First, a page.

Pets News

Fairfax County’s Compassionate Approach to Animal Sheltering: Insights from Director Reasa Currier

As the director of the county’s open-access shelter, Currier oversees a team that takes in around 4,500 animals annually ranging from dogs and cats to more exotic species like hedgehogs and emus, with a live release rate of over 90%.

While the work can be challenging, especially when witnessing families are forced to give up beloved pets due to economic hardships, Currier finds immense joy in facilitating adoptions, particularly those involving children.

“I think my favorite thing about my job, and for most of our staff, is just seeing adoptions. “It’s really hard to have a bad day if you go onto our adoption floor, and especially seeing children for the first time adopting a pet is amazing,” Currier said.

The COVID-19 pandemic brought about unique challenges for animal shelters nationwide, with Fairfax County experiencing a 20% increase in intake compared to the previous year. Many of the animals arriving at the shelter exhibit behavioral issues or medical concerns stemming from a lack of socialization and veterinary care during the pandemic.

Undeterred, Currier and her team have embraced innovative approaches to promote adoptions and raise awareness about the shelter’s services.

One recent initiative involved dividing the shelter’s large dogs into two teams with Police Chief Davis and Fire Chief Butler leading a friendly competition to see whose team could facilitate the most adoptions. The result was a tie with 20 dogs finding forever homes in just one week.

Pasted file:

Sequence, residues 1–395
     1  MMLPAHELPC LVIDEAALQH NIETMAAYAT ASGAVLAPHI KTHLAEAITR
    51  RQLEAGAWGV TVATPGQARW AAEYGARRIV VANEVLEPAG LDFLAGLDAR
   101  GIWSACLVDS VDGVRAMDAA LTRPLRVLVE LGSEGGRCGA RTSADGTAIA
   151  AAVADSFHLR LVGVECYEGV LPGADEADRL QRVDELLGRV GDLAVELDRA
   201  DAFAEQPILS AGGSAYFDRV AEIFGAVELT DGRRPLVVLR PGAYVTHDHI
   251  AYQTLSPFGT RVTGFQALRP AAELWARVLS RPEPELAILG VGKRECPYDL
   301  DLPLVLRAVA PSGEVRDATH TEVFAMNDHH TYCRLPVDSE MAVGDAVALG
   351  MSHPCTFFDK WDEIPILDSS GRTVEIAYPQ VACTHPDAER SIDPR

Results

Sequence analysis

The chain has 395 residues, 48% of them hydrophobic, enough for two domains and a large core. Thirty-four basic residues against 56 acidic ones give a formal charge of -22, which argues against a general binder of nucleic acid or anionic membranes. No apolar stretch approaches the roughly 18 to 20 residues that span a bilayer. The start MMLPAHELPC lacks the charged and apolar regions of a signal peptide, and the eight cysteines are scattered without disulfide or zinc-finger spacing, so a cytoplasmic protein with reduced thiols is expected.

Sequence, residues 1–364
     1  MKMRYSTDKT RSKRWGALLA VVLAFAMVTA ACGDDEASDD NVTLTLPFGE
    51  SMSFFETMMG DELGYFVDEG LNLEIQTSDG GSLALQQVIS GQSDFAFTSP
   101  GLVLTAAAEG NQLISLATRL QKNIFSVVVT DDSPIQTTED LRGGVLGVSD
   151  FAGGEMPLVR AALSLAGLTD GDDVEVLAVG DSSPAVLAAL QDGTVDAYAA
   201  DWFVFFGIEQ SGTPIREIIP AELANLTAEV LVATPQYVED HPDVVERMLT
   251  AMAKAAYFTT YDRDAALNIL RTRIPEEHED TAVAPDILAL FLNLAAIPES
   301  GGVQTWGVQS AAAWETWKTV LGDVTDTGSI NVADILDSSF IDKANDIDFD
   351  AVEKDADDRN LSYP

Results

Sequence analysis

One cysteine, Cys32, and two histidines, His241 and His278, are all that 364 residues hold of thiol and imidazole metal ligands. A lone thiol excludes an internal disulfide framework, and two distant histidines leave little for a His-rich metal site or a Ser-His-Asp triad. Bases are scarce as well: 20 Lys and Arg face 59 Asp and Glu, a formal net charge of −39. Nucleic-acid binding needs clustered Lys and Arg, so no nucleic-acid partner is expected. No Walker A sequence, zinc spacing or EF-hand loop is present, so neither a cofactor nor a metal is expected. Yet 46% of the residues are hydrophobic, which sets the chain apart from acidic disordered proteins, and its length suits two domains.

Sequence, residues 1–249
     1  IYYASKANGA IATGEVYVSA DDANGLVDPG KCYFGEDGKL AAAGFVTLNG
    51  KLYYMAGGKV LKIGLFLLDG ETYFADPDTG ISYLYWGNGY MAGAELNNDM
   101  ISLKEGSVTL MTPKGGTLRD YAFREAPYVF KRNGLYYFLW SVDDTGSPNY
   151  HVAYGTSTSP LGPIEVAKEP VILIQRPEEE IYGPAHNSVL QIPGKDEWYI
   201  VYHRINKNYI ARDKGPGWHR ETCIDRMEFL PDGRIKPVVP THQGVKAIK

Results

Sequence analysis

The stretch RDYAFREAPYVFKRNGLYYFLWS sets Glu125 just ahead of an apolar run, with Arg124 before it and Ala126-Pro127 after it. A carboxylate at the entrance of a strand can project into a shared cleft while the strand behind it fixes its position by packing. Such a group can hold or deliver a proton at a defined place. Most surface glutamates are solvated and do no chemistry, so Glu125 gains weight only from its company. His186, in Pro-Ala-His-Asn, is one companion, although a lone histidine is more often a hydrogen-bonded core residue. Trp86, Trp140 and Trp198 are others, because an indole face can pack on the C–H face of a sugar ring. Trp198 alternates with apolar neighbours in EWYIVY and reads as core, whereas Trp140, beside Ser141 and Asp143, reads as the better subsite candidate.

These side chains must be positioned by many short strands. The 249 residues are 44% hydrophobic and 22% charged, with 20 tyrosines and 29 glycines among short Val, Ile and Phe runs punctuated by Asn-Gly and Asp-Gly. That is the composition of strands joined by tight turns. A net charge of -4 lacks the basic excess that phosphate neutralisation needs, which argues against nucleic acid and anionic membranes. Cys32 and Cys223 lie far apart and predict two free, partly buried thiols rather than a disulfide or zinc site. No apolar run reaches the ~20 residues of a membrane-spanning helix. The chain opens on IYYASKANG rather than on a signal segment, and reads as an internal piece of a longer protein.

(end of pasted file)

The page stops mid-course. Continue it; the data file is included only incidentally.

"We want residents of Fairfax County to know that we're here for them.  And that we don't want to be the last resort, we don't want to be the last call they make when they're facing a challenge...So if you're having a bad behavior and training issue, if you 're having a medical issue, if you're struggling with accessing food for your pet--we are here to support keeping pets and their families together." -Reasa Currier, Director, Department of Animal Sheltering

Currier also highlighted the recent opening of the shelter’s second location in Lorton, which has been met with overwhelming enthusiasm from the local community.

“We’ve just had that level of excitement from the community,” she said, noting the influx of new volunteers and visitors eager to support the shelter’s mission.

Lorton is already hosting scouting groups and kicking off new programs.

“We have so many scouts coming in and wanting to do scout projects and to support the animals. And we just recently launched our reading tales program at Lorton, where children get to come in and read a bedtime story to one of our pets.”


The “Connect with County Leaders” podcast is a monthly opportunity to meet and connect with Fairfax County leaders, to learn about the latest county news and information, and hear more about specific programs and services in Fairfax County. Listen or watch past episodes of “Connect with County Leaders” on SoundCloud, on YouTube and on Channel 16’s podcast on demand page.

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